Exfoliating Cleansers: A Natural Cleansing Progression
If the combining of opposing strategies is about strengthening a common purpose while balancing the conflicting factors, nothing exhibits this concept better in terms of skincare than the exfoliating cleanser. Cleansing, the initial most important and most basic component to any skincare regimen, gently releases the skin from the day’s debris and environmental pollutants preparing it for what’s to come. Exfoliates also purge the skin of debris but provide an escalation factor in mimicking what the skin does naturally in stripping the skin of residue, dead cells and gland oil build-up that aging skin can no longer accomplish efficiently with regular cleansing alone.
In an industry that originated with a few simple steps to proper skincare, cleansing was the purest way possible to properly care for the skin. As perceptions about appearance and aging changed so did the number of skincare products sitting on the bathroom counter. In a society where the streamlining of processes is common and the need for multi-functioning products is the norm, the skincare industry’s product lines had to conform. This change has also complicated the selection of a basic facial cleanser, in that cleansers can no longer just clean the skin. They must perform other functions to compete for the attention of the multi-tasking mindset.
Beyond the surface, more abrasive exfoliation bolsters what the skin does naturally, a process in decline as the skin ages. The clearing of trapped oil in the skin’s pores, the layering of dead skin cells, and the stimulating of cell turnover all work to maintain optimum skin health. However, selecting an exfoliate that doesn’t damage the skin in the process can be the challenge. Often, exfoliates such as crush nut shells, synthetic plastic beads, and rough cloths can perform the task but lead to scaring and increased irritation. Chemical alternatives in beta and alpha hydroxies such as glycolic, lactic, salicylic acids often derived from plants and other organic materials tackle cell regeneration from below skin’s surface. According to Lisa VanBockern, licensed Aesthetician and owner of Tempe, Arizona-based Skin Script Products, “Crushed nut shells can be too aggressive and create microscopic tears in the skin which causes irritation. Chemicals are working their way into the skin and actually doing something at the surface and below the surface of the skin.”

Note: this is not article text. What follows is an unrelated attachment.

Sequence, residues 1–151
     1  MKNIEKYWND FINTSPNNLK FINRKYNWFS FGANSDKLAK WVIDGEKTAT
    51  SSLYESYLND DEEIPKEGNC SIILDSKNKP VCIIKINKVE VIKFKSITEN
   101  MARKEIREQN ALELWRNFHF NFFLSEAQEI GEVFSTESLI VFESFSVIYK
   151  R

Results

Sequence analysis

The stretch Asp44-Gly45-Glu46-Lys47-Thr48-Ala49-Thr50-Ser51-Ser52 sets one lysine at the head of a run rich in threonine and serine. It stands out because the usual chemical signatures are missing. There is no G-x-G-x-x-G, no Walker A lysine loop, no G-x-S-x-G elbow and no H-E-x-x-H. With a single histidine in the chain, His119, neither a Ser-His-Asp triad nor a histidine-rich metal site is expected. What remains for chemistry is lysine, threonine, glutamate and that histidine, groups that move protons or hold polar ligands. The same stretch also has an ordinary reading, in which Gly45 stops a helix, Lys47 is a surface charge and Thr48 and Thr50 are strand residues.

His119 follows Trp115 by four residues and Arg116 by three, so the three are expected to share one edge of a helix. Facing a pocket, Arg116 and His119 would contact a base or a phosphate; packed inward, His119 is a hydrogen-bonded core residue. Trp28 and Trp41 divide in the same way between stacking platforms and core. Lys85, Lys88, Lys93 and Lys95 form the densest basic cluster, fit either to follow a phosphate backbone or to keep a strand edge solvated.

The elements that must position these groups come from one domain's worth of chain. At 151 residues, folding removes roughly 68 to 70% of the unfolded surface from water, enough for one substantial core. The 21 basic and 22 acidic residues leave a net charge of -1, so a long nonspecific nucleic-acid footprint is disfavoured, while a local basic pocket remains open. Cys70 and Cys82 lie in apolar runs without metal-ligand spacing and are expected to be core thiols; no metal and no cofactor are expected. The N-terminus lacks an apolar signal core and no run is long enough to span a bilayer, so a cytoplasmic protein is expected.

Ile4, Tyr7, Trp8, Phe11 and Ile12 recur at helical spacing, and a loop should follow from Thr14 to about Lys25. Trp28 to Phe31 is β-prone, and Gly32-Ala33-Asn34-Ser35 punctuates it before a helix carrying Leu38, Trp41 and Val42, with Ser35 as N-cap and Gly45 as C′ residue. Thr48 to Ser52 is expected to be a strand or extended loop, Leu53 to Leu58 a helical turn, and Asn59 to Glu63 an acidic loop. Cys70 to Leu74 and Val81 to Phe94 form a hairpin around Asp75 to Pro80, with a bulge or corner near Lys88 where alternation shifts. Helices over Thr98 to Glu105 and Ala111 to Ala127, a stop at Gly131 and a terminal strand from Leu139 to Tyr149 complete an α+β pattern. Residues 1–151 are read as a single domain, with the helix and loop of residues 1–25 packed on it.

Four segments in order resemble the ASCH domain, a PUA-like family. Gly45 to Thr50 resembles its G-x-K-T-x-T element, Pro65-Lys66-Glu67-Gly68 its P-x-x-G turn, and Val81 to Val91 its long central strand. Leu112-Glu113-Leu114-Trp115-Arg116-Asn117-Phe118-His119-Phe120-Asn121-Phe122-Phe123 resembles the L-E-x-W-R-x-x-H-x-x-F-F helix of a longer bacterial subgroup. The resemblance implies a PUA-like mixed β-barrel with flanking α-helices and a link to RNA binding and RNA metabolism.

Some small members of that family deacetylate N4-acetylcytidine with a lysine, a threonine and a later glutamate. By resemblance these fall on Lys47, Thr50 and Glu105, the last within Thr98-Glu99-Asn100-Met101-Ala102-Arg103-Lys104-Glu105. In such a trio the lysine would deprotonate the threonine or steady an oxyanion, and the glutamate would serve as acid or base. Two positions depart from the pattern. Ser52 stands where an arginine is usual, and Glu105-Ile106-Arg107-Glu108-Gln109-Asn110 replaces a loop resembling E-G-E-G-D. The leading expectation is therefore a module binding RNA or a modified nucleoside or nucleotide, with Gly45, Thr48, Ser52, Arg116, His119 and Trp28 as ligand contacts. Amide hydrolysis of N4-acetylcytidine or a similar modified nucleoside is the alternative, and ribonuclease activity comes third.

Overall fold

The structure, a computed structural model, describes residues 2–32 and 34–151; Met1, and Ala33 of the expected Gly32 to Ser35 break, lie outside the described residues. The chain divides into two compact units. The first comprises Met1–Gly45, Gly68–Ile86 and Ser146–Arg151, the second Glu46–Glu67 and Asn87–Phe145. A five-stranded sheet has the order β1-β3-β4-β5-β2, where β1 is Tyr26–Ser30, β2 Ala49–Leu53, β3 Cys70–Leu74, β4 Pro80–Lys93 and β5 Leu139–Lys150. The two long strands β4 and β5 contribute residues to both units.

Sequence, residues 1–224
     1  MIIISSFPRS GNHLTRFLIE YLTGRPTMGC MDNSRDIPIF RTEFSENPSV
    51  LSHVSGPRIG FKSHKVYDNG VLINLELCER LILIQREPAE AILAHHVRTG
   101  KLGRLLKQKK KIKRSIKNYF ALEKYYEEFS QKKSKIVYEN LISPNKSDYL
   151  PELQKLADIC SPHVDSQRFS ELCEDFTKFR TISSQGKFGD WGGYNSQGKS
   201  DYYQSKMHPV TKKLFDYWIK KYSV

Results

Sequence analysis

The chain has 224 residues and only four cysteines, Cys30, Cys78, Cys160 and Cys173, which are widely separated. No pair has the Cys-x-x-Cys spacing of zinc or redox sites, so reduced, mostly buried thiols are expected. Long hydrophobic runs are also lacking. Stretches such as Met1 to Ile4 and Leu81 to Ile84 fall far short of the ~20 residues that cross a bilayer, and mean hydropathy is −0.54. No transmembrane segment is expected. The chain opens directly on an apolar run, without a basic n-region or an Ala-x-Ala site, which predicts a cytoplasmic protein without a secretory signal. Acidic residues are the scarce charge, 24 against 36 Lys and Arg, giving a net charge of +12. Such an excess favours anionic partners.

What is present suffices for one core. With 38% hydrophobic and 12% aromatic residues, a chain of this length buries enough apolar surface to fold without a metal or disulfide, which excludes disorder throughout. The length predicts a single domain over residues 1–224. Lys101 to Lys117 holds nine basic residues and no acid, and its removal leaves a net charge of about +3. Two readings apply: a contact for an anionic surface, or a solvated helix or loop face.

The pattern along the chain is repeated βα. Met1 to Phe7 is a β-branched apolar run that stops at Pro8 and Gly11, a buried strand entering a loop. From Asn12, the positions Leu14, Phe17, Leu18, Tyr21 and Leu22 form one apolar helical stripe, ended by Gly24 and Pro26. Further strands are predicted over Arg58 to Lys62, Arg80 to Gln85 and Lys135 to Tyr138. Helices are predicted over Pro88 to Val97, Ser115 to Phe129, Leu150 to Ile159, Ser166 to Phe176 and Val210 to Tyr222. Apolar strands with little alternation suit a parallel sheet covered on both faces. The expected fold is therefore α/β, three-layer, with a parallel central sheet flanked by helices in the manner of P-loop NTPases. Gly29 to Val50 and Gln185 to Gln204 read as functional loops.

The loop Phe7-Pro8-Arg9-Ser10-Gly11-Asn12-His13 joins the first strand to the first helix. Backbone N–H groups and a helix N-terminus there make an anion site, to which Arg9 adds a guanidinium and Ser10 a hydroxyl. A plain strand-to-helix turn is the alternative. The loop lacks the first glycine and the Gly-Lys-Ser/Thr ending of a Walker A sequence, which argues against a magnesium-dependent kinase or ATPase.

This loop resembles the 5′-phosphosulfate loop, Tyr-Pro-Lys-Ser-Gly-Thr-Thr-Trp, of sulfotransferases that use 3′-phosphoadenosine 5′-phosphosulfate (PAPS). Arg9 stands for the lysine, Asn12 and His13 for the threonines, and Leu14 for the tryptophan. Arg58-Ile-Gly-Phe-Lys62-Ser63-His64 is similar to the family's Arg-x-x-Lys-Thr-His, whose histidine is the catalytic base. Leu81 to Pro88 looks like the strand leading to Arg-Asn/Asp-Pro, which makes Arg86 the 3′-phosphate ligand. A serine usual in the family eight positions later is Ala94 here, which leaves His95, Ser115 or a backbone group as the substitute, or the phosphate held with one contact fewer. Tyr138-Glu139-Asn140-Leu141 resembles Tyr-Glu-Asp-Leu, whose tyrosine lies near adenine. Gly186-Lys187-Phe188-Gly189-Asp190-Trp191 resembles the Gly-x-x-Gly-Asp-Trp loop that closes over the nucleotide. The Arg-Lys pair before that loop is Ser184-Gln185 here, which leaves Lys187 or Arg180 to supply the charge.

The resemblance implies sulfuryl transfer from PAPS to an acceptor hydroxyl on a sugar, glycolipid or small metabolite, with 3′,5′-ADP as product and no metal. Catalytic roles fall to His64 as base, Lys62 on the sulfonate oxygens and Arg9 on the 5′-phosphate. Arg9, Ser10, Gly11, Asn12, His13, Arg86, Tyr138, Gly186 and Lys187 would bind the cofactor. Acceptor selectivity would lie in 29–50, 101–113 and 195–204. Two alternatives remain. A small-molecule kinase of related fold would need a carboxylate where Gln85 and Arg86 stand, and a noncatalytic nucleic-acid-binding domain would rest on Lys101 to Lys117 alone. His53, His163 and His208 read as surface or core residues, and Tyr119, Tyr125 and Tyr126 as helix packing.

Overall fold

Combining the benefits of a simple cleanser with the enhanced stimulation of an exfoliate provides the gentle detergents the face needs to rid it of oil and debris on the surface while incorporating the more deep-penetrating action essential for pore-reshaping, dead cell-purging and clogged oil gland-pumping. However, aside from deciding tolerance for crushed shell or bead scraping or acid stripping, frequency must also be considered. Exfoliating cleansers provide the best opportunity for consistent use in that it is a major component in a product designed for daily use–the cleanser. Also exfoliates alone can bring more harm than benefit if used improperly for optimum results, Orange County plastic surgeon and director of OCBody.com, Dr. John Di Saia MD warns, “Exfoliants using mechanical means (beads, shells) should be mixed conservatively if at all with chemical exfoliants. The combination in inexperienced hands can lead to scarring that can be hard to correct.”
The gentle nature of cleansers can counteract the potential harm exfoliates can caused if used alone. As a result, selecting the most effective exfoliating cleanser is based on the appropriate skin type for the cleansing component and the condition of the skin for the exfoliating component to achieve a more cleansed skin across all of its layers.